Lies, Damned Lies, and Software Development Estimates


Yes, that might be an odd headline for me to make, given that I actually run a software development company.

Or is it.

I was catching up on my little corner of the blogosphere and finally arrived at Reg’s most recent post on theory D, theory P and his subsequent follow up.

Theory D people are those who believe that software development is a Deterministic field, and Theory P people are those who believe that software development is a Probabilistic field. Theory D people believe that you can calculate deterministically the effort required for any given software development project. Theory P people believe that it’s a more organic process where needs and desires drive the outcomes. Take a look at Reg’s posts for some background on this — it’s OK, I’ll wait…

…ok, so here’s my thing. I believe everyone starts as a Theory D person, regardless of the field. To an onlooker, it’s hard to see the complexity of a field especially when observing an expert. And as humans, I believe we have a tendency to underestimate the complex as a survival mechanism. If we really understood how hard it is to do something, we may never try and we would not advance.

Consider the idea that the more you learn, the less you know. The highest formal educational designation you can attain is a PhD, which is a Doctor of Philosophy. Your understanding of your field moves from the Deterministic to the Probabilistic, the physical as well as the metaphysical, where you must argue your theories with the rigor of the scientific process and human creativity rather than a calculator.

The more you learn about software development, the more you migrate towards being a Theory P person.

I believe this is one of the key challenges of being in the Software Development Professional Services business. You are perpetually teaching people along the road from Theory D to Theory P.

So back to my shamelessly sensationalist headline. Why do we continue to do software development estimates?

It all comes down to the fact that software, in the end, must perform a very practical and ultimately mundane function. A function that may be perceived as simple to the stakeholders. And that function must be in place in order for the rest of their business to function. It is an imperative.

As a business imperative with an associated cost, the cost must be justified. The business must make the decision whether it will profit from or lose to the imperative which is a direct relation to its cost. A low-cost project will be easier to justify than one with a large price tag.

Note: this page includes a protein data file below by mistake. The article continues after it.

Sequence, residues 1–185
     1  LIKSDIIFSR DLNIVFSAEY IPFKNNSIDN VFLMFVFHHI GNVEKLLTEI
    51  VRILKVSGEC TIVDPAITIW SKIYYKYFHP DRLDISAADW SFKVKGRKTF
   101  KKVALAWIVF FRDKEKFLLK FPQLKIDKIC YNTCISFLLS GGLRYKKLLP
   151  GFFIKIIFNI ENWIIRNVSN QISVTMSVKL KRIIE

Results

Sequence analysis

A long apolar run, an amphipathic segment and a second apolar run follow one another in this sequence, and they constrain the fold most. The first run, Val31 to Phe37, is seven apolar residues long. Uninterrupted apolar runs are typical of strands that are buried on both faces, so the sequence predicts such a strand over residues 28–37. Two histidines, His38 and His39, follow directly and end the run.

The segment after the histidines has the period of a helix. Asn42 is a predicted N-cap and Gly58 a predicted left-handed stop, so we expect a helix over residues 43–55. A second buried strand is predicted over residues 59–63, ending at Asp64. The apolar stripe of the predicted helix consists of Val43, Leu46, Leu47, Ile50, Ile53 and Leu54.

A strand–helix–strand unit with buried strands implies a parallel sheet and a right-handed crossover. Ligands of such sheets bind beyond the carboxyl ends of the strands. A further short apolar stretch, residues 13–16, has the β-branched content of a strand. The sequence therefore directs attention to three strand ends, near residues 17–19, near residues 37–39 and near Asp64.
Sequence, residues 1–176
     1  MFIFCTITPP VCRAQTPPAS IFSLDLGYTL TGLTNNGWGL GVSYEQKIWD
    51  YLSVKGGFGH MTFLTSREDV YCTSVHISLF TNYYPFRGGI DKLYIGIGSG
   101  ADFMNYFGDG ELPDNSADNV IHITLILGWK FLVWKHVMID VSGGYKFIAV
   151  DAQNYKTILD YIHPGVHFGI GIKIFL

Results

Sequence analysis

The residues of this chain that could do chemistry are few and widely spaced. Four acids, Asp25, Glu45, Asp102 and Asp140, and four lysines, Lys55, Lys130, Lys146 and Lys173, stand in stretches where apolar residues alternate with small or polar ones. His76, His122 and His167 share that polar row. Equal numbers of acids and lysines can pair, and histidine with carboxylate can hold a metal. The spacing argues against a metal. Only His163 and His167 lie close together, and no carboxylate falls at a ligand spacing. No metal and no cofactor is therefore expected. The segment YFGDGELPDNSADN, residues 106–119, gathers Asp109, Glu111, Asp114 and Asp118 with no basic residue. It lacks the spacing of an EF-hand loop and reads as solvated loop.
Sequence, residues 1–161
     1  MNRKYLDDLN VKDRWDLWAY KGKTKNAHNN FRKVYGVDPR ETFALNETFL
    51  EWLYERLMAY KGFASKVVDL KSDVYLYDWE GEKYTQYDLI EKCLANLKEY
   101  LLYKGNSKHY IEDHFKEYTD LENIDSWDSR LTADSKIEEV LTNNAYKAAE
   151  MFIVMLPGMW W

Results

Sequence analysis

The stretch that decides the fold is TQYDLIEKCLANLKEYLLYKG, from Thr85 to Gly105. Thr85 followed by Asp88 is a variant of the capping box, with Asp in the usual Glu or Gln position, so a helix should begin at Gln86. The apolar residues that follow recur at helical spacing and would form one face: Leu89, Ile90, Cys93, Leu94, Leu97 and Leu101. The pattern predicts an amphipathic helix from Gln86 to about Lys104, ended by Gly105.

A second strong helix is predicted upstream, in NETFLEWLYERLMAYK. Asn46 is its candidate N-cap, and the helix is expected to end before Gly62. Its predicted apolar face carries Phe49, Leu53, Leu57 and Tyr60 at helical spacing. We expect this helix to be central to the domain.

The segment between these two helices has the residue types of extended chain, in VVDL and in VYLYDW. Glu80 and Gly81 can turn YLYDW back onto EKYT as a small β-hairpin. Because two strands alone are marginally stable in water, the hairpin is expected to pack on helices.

While the professional services salesperson tries to illustrate value to the prospect, the prospect is focused on the imperative which appears simple, and the two negotiate whether the project is feasible and at what cost.

This is where I apply my favourite question, “What is the smallest simplest possible thing we can build that will still meet the majority of your needs?”.

The reason this is my favourite question is two-fold:

  1. we do iterative development, and we’re looking to start small, deliver quickly, and do future projects to build on it
  2. small projects are easier to estimate because they have fewer factors affecting them, and you can approach a level of understanding that’s aligned more closely to what’s going on in Theory D people’s heads

I will rarely estimate beyond the first 1-2 iterations. There is simply too much uncertainty beyond this point. Sometimes I will steer discussion towards a larger target budget, but there are no promises other than my team will work hard in the best interest of the customer, and deliver useful software at each iteration.

If pushed further, I move to a risk based model. If I’m going to take on the risk of someone else’s project, they’re going to get an estimate that reflects that. The bigger my risk, the more expensive the project. This is no different than the insurance industry. Now you wanna talk non-deterministic… 🙂


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